The Public Duty Of Bishops: Lessons from the storm in South Bend
Editors’ note: Archbishop Quinn originally prepared these observations for consideration at the June meeting of the American bishops. Circumstances did not make that possible at the time. He has submitted them to America as a contribution to the debate on the role of bishops in dealing with public issues.
The right to life is a paramount and pre-eminent moral issue of our time. The Catholic bishops have borne a consistent and prophetic witness to the truth that all other rights are anchored in the right to life. When Roe v. Wade was handed down in 1973, this conference was nearly alone among institutional voices pointing out the defects and dangers of this decision and calling for its reversal.
Our witness to the sanctity of human life cannot diminish and our effort cannot cease. We must continue to enlist new vehicles of communication to highlight the grave moral evil inherent in abortion. We have to design effective and imaginative strategies to help people see that the choice for life is the most compassionate choice. And we have to speak with courtesy and clarity about why the protection of the unborn is a requirement of human rights and not their diminishment.
There is no disagreement within this conference about the moral evil of abortion, its assault upon the dignity of the human person, or the moral imperative of enacting laws that prohibit abortion in American society.
But there is deep and troubled disagreement among us on the issue of how we as bishops should witness concerning this most searing and volatile issue in American public life. And this disagreement has now become a serious and increasing impediment to our ability to teach effectively in our own community and in the wider American society.
The bishops’ voice has been most credible in the cause of life when we have addressed this issue as witnesses and teachers of a great moral tradition, and not as actors in the political arena. Coming out of the Catholic moral tradition, this conference has defended human life in the context of the pursuit of justice, covering the whole continuum of life from its beginning in the mother’s womb to its natural end. The Second Vatican Council rightly described abortion and infanticide as “unspeakable crimes.” But the council did not stop there. In a coherent moral logic, the council exhorted bishops to be faithful to their duty of teaching and witnessing concerning “the most serious questions concerning the ownership, increase, and just distribution of material goods, peace and war, and brotherly relations among all countries” (“Decree on the Pastoral Office of Bishops in the Church,” No. 12). The more recent “Doctrinal Note on Some Questions Regarding the Participation of Catholics in Political Life” proposes an equally broad spectrum of concerns. This consistent focus over nearly 50 years, as well as the teaching of the popes, including Pope Benedict XVI, underline that neither the bishop nor the Catholic Church can confine itself to one single issue of concern in human society. If we proclaim that the right to life is necessary for the exercise of all other rights, then we must also address and defend those other rights as well.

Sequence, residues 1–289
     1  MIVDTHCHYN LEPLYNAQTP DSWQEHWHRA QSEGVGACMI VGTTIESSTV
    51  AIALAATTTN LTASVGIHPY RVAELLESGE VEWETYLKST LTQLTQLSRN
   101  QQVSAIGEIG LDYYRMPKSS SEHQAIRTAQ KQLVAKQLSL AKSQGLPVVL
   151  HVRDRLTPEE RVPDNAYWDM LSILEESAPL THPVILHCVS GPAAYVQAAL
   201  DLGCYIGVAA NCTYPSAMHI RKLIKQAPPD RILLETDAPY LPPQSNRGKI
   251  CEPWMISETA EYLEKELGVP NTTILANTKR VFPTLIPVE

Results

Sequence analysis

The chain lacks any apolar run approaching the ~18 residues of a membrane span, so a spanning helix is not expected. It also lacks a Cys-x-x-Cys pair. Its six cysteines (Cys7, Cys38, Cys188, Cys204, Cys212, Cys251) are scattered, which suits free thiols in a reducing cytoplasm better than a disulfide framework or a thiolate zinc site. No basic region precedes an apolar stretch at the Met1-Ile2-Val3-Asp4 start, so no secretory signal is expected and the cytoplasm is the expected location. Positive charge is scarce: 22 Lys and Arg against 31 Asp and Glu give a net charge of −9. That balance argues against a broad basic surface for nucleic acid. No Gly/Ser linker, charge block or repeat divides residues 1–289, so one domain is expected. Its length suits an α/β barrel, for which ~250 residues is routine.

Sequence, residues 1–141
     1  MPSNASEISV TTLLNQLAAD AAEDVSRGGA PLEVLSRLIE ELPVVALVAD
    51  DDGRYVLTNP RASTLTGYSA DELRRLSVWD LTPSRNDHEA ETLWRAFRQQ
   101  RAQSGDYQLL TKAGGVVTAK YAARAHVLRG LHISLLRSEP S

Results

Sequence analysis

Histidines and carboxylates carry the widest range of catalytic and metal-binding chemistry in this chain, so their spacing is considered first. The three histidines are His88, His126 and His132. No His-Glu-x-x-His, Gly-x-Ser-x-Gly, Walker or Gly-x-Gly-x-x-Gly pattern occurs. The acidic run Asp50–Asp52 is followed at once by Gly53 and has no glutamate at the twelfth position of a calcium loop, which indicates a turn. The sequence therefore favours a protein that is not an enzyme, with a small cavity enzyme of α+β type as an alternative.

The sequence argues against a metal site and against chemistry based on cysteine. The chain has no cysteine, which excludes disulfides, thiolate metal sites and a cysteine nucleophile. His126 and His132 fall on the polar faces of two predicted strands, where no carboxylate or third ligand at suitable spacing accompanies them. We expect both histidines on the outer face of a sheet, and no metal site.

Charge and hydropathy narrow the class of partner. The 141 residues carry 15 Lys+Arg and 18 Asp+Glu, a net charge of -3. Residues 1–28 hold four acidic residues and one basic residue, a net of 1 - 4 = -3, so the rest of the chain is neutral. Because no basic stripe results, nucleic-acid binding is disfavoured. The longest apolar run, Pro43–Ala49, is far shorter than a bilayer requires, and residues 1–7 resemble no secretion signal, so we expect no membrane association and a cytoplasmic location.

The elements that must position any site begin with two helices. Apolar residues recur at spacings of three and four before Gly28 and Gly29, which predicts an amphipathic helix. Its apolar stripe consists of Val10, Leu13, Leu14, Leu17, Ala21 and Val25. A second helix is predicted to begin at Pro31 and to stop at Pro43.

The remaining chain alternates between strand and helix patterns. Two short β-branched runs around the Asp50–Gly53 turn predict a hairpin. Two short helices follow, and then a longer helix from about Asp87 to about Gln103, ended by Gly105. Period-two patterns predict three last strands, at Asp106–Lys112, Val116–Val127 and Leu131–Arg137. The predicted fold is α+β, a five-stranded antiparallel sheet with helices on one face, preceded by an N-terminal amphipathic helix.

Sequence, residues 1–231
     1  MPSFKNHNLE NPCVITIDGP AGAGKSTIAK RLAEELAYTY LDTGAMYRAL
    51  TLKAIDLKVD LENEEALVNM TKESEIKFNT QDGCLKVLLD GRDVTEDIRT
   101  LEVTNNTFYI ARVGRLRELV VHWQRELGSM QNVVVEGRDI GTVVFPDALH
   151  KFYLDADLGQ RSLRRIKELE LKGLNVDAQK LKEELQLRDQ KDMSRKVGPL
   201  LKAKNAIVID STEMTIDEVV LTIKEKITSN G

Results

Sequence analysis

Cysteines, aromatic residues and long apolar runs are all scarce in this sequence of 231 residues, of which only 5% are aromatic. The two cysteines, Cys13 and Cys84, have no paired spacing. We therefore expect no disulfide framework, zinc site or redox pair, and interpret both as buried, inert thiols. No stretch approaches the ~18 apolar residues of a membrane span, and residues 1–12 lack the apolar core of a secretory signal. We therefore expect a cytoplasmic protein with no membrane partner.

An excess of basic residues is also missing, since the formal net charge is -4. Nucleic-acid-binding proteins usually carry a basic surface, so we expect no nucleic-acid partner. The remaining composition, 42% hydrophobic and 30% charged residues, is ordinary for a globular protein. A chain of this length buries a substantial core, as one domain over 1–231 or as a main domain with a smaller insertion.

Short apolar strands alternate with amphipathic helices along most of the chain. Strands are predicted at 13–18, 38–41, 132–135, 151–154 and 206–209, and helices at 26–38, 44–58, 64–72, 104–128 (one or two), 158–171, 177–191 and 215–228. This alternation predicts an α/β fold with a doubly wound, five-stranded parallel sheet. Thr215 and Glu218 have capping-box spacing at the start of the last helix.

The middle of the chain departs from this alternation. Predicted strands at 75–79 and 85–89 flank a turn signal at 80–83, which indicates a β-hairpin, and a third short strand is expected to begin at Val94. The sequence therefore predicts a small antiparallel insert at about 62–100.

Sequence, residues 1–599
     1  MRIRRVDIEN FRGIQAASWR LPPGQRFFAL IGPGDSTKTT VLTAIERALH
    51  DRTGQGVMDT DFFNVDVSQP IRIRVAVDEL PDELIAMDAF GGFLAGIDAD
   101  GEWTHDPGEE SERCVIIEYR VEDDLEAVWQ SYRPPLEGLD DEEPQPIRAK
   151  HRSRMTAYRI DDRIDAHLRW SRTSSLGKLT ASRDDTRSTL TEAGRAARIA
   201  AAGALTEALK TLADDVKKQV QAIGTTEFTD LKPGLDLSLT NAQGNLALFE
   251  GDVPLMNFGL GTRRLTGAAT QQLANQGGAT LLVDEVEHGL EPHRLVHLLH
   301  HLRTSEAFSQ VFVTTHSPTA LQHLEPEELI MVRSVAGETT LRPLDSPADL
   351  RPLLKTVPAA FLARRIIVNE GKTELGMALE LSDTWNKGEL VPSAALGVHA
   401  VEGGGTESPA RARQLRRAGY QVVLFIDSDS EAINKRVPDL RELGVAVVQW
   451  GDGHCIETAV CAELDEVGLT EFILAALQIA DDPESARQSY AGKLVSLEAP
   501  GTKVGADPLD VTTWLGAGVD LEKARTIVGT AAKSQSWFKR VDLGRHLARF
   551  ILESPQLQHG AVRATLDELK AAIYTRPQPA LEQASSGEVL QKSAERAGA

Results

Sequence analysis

Consequently, the Catholic Church brings to the defense of life and the pursuit of justice in this world the vision of faith and a living hope that transcends the limitations of what can be accomplished in this world. This comprehensive and transcendent vision must provide the benchmark in weighing proposed pathways through the thicket of public policy choices that confront us. This traditional benchmark provides a challenge to us bishops today in evaluating our future approach to those who disagree with us on issues of fundamental importance.
The dilemma that confronts us today is whether the church’s vision is best realized on the issue of abortion by focusing our witness on the clear moral teaching about abortion and public law, or whether it is preferable or obligatory to add to that teaching role the additional role of directly sanctioning public officials through sustained, personally focused criticism, the denial of honors or even excommunication.
This dilemma has troubled us for many years now, but it has been crystallized in the controversy over the decision of the University of Notre Dame to award an honorary degree in May of this year to the president of the United States. This is the first time in the history of this conference that a large number of bishops of the United States have publicly condemned honoring a sitting president, and this condemnation has further ramifications due to the fact that this president is the first African-American to hold that high office.